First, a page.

The rule applies to a wide variety of businesses and non-profit organizations that may not be aware of it or its requirements. Many firms not normally involved with the FTC will have to comply with the rule. There is no exemption for small firms or non-profit groups.
To know whether your business or organization is subject to the Red Flags Rule, you must determine whether you are a “financial institution” or a “creditor” as the regulations define those terms.
Your firm is a financial institution if it is a state or national bank, state or national savings and loan association, state or national credit union, a mutual savings bank, or if it holds accounts or deposits from which consumers can pay or transfer funds to third parties. For example, a mutual fund that offers check writing or debit card privileges is a financial institution for purposes of the rule.
If your firm is not a financial institution, it may still have to comply with the rule if it is a creditor. Your firm is a creditor if it regularly extends credit or arranges with someone else for the extension of credit or makes credit decisions.
This includes organizations that provide products or services and allow for payment at a later date. Examples of creditors include law practices, accounting firms, medical practices, auto dealers and mortgage brokers, to name just a few.
If your firm is a financial institution or a creditor, you must determine whether it offers or maintains covered accounts. A covered account is either a consumer account designed to permit multiple payments or transactions, such as credit card accounts, mortgage loan accounts, cell phone accounts, auto loan accounts or savings or checking accounts, or any other account that poses a reasonably foreseeable risk of identity theft.
Firms will have to evaluate identity theft risk levels by reviewing the methods they use to open accounts, the methods they use to access accounts and any previous experience they have had with identity theft.
If your firm is a financial institution or a creditor but does not offer or maintain covered accounts, you won’t have to develop a written identity theft program now. However, you will have to conduct risk assessments from time to time to determine whether changes have occurred that may cause the Red Flags Rule to apply.
If you determine that your firm is a financial institution or a creditor and offers or maintains covered accounts, you must develop and implement a program designed to detect, prevent and mitigate identity theft. The program must be in writing and it must be formally adopted by your firm’s board of directors or, if you have no board of directors, by a senior management level employee.
The regulations do not provide a model form of identity theft prevention program for all firms to adopt. Instead, they require that each firm adopt a program that is appropriate for itself, taking into account its size, complexity and the nature of its activities.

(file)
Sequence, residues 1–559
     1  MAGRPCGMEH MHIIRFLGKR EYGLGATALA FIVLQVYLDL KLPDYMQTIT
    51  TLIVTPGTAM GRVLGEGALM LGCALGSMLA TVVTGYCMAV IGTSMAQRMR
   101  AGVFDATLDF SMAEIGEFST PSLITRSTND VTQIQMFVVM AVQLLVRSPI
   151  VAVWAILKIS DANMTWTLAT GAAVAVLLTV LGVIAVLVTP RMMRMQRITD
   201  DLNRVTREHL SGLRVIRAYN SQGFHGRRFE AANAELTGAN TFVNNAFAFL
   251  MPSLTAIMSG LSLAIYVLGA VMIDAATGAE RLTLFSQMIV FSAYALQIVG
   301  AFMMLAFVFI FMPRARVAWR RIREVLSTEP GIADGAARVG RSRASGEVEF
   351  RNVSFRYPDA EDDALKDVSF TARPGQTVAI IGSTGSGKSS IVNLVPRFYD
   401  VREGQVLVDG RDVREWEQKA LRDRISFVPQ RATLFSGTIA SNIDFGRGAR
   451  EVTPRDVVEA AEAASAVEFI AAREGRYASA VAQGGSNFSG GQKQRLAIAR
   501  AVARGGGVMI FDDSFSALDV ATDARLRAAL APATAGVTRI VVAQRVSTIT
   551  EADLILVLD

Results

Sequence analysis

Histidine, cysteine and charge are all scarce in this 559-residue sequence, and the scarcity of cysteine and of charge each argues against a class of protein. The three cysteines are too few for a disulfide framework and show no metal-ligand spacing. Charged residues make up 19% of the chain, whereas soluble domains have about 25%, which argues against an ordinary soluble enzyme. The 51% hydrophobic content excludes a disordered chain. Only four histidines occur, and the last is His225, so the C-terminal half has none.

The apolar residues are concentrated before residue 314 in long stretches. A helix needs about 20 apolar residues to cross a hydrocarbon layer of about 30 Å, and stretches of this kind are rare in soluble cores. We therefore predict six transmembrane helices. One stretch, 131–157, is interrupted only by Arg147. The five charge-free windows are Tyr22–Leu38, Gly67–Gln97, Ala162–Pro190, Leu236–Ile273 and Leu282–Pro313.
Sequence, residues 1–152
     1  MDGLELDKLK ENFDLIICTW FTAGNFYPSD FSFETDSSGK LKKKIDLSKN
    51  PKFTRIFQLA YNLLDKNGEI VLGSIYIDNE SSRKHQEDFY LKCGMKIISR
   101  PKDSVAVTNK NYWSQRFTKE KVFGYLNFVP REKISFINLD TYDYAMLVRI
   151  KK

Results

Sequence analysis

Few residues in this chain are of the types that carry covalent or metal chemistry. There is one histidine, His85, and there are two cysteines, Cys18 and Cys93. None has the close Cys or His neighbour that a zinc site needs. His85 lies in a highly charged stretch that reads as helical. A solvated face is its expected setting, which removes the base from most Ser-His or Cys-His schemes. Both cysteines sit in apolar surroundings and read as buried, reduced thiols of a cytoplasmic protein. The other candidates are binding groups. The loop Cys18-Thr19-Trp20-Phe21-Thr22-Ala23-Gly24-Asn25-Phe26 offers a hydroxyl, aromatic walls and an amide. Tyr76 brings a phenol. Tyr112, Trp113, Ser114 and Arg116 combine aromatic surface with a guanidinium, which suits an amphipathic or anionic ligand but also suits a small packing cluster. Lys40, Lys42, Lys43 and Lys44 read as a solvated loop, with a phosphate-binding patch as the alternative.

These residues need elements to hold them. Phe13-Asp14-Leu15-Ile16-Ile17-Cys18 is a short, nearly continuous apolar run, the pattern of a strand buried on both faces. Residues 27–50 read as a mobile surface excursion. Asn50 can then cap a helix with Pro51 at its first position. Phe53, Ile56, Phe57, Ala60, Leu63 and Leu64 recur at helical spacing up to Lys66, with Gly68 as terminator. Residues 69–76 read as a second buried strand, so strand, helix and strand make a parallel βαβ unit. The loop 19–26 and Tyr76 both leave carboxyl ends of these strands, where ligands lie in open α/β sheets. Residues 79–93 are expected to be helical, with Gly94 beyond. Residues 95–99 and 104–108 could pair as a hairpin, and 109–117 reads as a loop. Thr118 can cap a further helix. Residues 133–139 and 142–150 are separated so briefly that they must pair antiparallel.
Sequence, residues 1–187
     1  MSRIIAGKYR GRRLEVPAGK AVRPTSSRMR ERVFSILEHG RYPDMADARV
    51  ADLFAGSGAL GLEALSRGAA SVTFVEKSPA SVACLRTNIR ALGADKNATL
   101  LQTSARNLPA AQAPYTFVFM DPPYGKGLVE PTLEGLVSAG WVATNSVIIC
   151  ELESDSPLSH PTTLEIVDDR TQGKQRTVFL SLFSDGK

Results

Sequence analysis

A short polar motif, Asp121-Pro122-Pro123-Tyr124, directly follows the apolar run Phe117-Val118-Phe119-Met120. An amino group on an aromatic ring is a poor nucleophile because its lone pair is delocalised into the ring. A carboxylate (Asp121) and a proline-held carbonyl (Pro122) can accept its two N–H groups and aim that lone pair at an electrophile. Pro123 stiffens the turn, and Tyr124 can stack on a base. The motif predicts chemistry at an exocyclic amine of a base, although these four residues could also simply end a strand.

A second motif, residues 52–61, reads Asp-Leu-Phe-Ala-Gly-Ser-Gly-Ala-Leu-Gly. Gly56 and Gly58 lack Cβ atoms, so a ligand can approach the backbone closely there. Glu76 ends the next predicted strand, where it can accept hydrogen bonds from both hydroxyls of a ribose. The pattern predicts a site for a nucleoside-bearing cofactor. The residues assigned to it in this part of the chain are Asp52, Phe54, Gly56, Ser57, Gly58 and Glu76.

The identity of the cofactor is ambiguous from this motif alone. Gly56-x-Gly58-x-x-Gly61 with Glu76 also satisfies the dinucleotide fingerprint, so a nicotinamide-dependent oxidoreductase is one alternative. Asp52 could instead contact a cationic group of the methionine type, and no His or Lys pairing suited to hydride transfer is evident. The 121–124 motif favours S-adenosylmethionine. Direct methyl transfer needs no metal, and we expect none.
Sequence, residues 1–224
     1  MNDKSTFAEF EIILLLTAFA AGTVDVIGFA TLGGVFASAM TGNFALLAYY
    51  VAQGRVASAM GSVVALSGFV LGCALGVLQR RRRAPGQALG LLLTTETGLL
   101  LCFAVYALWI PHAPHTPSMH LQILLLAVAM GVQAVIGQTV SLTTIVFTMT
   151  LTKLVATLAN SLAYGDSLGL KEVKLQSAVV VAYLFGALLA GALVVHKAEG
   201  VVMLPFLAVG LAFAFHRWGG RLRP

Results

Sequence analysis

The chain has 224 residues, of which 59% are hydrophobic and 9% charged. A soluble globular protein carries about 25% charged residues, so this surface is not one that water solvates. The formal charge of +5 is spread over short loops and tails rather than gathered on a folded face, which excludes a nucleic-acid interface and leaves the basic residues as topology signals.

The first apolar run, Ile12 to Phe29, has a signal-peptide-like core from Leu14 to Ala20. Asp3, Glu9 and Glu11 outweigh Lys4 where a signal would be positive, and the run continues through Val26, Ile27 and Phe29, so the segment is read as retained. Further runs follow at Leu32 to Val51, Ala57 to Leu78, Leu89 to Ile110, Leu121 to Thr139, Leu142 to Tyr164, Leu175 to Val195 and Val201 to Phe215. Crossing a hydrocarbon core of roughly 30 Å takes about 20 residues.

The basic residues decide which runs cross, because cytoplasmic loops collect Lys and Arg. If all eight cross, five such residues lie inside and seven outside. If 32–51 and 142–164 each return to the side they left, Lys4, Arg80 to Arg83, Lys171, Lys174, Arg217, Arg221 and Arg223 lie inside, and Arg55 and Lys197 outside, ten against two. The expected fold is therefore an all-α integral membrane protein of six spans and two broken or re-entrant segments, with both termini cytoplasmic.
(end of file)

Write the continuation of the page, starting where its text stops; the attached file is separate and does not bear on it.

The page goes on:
However, the FTC offers on its Web site guidance and a template that firms with minimal risk of identity theft may use in creating their programs.
The regulations describe certain elements that each program should include. Each program must provide for policies and procedures that will: identify patterns, practices or activities that will alert the firm to the possible occurrence of identity theft—the so-called Red Flags; detect Red Flags that the program has incorporated; respond to any Red Flags that the firm may detect; and ensure that the firm updates its program periodically to account for any changes in risk to its customers.
The regulations list several categories of Red Flags and state that firms should incorporate those that are relevant into their programs. The categories include: alerts received from consumer reporting agencies or fraud detection service providers; presentation of suspicious documents; presentation of suspicious personal identification information; suspicious activity relating to a covered account; and notices from customers, victims of identity theft, law enforcement agencies or others regarding possible identity theft. An appendix to the regulations provides more detailed examples of Red Flags from each category.
If your firm is subject to the Red Flags Rule and fails to develop, adopt and implement an identity theft program by Nov. 1, 2009, it may be subject to enforcement action by the FTC. This could include an action in court seeking an injunction to compel compliance. It could also include a penalty of up to $2,500 per incident of knowingly violating the rules.
The Red Flags Rule applies to a wide range of businesses and non-profit organizations that understandably don’t consider themselves to be financial institutions or creditors and may be unaware of the rule. Still, those firms will have to comply by developing, adopting and implementing programs to detect, prevent and mitigate identity theft.
With a November 1, 2009 deadline fast approaching, firms should act now to determine whether the rule applies to them and if it does, they should begin work soon on their identity theft programs.
The Business Ledger